A comet known for its fiery behavior has experienced a series of near-continuous explosions since September 25.
Last Saturday (25) a point of light exploded Not far from Jupiter. Then, the eruptions continued, with two more jets of matter blasting into space on Sunday, followed by a fourth on Monday.
During this violent process, the comet became 250 times brighter than usual.
According to astronomers, this is the first time that four explosions have been recorded in a short period of time on this comet.
“Some call it a superbang,” said Maria Womack, an astrophysicist at the National Science Foundation (NSF). “It takes a tremendous amount of energy.”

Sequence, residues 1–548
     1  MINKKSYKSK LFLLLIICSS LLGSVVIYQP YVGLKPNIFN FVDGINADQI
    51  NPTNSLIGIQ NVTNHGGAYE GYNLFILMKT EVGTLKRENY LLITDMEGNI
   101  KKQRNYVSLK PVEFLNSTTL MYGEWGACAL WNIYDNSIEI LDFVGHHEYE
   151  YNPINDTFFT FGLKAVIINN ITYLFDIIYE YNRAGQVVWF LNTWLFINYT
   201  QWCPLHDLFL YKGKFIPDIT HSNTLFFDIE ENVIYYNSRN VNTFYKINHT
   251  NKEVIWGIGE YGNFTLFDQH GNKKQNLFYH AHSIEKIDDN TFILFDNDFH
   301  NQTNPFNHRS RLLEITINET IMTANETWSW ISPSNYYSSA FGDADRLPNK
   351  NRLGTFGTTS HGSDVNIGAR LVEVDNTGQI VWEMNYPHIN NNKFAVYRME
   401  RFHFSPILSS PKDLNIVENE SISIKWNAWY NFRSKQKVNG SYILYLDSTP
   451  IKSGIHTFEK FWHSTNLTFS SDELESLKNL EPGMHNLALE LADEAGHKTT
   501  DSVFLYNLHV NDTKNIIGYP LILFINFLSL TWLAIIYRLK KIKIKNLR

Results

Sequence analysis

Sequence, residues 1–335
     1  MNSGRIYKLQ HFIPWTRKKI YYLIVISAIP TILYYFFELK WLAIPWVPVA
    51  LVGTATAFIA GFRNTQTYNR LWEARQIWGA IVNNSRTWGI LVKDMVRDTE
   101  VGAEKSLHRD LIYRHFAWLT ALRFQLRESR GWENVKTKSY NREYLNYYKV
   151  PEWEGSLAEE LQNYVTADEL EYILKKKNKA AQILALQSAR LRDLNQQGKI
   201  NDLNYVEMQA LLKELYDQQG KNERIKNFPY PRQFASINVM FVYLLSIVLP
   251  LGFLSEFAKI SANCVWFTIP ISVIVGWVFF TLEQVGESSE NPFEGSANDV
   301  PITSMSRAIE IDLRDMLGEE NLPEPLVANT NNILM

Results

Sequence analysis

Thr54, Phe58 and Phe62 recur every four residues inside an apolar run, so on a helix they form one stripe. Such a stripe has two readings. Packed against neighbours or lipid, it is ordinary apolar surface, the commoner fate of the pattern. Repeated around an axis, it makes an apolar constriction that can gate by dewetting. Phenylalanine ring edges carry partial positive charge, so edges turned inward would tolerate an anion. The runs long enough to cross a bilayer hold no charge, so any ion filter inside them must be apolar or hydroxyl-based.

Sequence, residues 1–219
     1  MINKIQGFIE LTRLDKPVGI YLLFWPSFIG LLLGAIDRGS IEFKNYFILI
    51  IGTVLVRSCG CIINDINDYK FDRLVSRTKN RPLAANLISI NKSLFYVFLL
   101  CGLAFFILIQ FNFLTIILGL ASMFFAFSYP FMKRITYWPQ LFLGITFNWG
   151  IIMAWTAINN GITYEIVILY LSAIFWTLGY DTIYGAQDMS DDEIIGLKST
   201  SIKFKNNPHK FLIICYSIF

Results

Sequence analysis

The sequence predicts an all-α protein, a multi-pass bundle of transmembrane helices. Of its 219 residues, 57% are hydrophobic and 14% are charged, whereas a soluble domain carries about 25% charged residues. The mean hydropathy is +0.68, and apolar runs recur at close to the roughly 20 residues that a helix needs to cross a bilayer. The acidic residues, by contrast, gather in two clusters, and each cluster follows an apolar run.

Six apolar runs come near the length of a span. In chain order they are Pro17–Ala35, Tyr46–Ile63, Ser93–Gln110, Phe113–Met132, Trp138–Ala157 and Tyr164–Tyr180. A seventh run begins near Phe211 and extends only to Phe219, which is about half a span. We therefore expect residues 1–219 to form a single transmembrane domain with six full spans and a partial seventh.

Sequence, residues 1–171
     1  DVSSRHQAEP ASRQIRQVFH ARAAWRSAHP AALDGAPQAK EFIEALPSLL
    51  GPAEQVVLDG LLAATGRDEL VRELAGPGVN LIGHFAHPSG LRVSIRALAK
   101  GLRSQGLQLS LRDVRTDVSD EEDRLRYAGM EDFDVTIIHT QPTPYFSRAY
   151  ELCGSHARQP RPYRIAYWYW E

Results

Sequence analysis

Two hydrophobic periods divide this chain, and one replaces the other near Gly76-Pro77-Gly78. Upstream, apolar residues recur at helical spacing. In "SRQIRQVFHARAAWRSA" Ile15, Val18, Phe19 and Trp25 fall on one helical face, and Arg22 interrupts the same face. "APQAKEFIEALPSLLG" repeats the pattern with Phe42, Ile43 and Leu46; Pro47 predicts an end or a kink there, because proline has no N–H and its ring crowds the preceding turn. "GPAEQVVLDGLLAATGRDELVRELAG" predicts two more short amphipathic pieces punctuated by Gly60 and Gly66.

Two images taken in late September by the MacDonald Observatory at the University of Texas at Fort Davis show the explosions on Comet 29P.
When asked what could cause this extreme behavior, the scientist said, “We don’t know. That’s what makes it so interesting.”
Despite being about 900 million kilometers from the sun, 29P remains in a near-constant rage, often spewing gas and dust into the darkness of the sun. emptiness of space. “He’s always working and never resting,” Womack noted.
This hyperactivity is likely due to the predominance of carbon monoxide – a volatile gas that needs very little sunlight to heat up significantly and release the gas in large quantities into space. These explosions briefly illuminate the comet’s atmosphere by covering it with dust that reflects sunlight.
At least seven eruptions of this type occur each year. “No other known comet in the Solar System experiences explosions of such frequency and intensity,” commented Kacper Wierzchos, an astronomer at the University of Arizona.
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